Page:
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Today is December 25th, 2009. While millions of people all over the world are celebrating Christmas and their children are opening presents that Santa Claus left in the middle of the night under their Christmas Tree, I am sitting on a beach in Punta Cana Dominican Republic, the land of sun, sea and sand, reading stories written by my dear friend Anwer Zahidi. It is like a literary Christmas gift for me that was sent a few months back but I only got it a few days ago. The book is titled Mandar Wali Gali, and on the title we see a street with a temple.

        While reading the book I was touched by Zahidiís style of writing. It seems as if the writer has one foot in the conscious and the other foot in the unconscious mind, one foot in the present and the other in the past. It feels as if the writer is a middle age man feeling nostalgic about his youth. He reminisces about the stories of his childhood and youth. The memories seem to be fading away as he goes back to meet the friends and neighbors of his earlier years but they have changed so much that, at times, they fail to recognize him. It feels as if the writer wants to relive his past in his stories.

        Anwer Zahidi is a wonderful story teller. He knows the art and craft of story telling with his unique free associations along the way to keep the reader engaged with a touch of suspense. Zahidi has a keen interest in human psychology. He delves deeper in the psyche of his characters. He seem to be intrigued by the abnormal psychological phenomena, whether occult or palmistry, dreams or astrology, alongside synergy and synchronicity. He wonders why different people have the same dream at the same time and how the dream world is connected with the real world. As a story teller Zahidi stands on the border of reality and fantasy, natural and supernatural, physical and metaphysical, life and death. His stories are mythical, metaphorical and mystical. No wonder he is a great admirer of Carl Jung, who was fascinated with collective unconscious mind and folklore.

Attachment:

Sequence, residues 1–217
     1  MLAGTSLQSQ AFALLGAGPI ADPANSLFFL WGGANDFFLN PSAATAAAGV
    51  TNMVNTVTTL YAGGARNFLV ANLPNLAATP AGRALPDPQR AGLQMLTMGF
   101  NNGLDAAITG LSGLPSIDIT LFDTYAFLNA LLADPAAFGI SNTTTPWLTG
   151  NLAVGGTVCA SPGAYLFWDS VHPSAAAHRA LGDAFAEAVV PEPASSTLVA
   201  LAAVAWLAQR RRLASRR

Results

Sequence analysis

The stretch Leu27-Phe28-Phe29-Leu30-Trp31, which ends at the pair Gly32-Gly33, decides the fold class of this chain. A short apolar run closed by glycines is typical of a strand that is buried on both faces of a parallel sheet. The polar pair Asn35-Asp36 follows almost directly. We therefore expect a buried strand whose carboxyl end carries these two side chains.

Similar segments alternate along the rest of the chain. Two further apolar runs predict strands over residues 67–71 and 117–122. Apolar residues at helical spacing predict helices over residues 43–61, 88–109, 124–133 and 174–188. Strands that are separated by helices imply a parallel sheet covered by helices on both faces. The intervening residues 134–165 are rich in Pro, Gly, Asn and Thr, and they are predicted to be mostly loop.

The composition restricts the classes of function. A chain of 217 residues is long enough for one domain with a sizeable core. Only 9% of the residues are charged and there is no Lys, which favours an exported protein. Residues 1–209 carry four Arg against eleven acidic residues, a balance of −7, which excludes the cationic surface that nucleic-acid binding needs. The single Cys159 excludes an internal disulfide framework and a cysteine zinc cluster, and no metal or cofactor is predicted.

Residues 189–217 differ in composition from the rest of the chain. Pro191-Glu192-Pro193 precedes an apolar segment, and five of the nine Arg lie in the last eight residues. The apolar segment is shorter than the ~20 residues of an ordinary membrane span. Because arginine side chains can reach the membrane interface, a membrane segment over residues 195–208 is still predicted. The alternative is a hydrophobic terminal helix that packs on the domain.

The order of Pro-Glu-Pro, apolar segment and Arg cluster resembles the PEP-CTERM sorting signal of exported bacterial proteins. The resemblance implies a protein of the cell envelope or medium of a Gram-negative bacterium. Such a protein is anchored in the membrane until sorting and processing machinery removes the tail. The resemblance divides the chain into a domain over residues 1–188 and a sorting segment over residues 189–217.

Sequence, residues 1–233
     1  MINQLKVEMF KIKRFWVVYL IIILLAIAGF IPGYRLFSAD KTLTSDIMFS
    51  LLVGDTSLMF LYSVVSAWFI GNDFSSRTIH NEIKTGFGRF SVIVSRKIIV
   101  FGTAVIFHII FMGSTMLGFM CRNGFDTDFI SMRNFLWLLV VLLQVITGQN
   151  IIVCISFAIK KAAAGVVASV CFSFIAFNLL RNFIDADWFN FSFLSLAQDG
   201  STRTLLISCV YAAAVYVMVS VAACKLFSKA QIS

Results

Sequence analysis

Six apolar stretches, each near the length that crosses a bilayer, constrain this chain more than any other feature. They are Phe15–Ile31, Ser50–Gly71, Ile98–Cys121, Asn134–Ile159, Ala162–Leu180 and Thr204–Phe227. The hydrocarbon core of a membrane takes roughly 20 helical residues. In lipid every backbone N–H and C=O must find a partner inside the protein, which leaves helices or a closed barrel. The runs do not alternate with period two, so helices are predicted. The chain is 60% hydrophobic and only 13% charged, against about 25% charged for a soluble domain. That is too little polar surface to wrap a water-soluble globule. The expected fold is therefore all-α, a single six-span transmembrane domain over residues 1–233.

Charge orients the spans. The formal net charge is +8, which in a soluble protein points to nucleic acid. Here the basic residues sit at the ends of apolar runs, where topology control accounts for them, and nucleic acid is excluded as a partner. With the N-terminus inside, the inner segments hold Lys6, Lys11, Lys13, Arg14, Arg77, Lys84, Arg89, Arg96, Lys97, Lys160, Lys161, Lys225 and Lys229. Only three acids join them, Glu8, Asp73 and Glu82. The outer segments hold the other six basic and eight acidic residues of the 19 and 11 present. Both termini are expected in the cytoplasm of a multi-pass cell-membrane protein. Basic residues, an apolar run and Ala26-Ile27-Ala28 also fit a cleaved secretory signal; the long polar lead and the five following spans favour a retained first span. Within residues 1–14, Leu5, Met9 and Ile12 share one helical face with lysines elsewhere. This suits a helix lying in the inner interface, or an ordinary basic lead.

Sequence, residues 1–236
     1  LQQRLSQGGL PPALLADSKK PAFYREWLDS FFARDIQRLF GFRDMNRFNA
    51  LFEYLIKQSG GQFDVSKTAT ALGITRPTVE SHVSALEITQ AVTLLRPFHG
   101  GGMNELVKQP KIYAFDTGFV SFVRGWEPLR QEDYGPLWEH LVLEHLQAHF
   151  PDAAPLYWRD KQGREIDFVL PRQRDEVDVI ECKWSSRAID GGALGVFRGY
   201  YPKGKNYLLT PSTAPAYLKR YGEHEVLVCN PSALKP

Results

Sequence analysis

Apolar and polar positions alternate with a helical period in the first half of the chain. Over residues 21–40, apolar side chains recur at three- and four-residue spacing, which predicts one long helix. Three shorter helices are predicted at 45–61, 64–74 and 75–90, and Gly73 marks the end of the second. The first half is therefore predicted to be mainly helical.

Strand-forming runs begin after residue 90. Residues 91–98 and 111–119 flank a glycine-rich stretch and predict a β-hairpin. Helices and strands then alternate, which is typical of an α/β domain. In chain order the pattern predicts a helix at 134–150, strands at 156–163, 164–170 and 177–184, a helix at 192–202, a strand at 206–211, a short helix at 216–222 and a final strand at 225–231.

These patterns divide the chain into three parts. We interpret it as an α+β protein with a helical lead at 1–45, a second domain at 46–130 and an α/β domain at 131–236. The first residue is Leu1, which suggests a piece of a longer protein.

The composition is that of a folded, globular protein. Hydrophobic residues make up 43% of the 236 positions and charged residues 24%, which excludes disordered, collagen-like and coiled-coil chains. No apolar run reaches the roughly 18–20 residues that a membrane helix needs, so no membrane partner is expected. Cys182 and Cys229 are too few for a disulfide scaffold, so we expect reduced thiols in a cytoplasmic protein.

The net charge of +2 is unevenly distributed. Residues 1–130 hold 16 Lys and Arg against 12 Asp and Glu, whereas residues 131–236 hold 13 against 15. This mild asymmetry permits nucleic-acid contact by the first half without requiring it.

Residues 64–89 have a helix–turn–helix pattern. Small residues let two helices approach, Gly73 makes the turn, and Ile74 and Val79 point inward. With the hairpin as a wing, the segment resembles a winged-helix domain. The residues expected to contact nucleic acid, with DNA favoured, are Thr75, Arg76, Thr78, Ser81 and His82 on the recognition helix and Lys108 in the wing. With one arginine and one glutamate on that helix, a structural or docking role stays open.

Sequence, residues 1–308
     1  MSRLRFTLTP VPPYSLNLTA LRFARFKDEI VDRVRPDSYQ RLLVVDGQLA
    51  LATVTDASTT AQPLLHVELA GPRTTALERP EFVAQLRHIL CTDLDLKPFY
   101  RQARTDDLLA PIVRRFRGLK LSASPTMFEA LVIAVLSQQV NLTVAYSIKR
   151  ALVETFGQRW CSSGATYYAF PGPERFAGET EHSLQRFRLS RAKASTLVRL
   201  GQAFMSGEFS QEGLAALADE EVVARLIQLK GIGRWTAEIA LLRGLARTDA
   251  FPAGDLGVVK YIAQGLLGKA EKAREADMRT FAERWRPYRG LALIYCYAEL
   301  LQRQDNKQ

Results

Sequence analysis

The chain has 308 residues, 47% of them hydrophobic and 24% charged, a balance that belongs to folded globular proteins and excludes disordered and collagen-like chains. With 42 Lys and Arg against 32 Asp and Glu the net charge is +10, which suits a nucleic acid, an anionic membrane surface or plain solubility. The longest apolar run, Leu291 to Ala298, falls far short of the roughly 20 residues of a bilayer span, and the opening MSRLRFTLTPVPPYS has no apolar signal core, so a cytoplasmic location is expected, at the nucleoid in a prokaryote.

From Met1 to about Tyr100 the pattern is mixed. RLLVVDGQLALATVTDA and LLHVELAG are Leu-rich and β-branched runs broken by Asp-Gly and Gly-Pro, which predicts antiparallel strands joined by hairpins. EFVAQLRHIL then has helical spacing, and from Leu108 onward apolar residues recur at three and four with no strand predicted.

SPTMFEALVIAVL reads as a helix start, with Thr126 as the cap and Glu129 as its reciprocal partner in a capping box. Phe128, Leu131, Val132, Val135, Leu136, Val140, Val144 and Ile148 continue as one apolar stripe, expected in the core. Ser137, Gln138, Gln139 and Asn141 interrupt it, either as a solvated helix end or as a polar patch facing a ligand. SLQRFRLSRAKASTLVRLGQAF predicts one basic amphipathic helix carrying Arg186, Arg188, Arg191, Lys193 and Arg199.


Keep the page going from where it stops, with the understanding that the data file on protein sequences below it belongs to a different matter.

Anwer Zahidiís characters seem like his alter-egos. May be he is creating bio-fiction, fiction based on his biography.

        I sometimes wonder why Anwer Zahidi and I have so many similarities:

Both of us were born on July 9th.

Both of us became doctors.

Both of us write poetry.

Both of us create short stories.

Both of us have a keen interest in human psychology.

Both of us translate world literature.

Both of us are fascinated with the mysteries of the mind.

Both of us want to help people with emotional problems.

Both of us enjoy being writers, doctors and healers.

I will ask Zahidi what is his mystical and mythological explanation of such similarities.


E-mail welcome@drsohail.com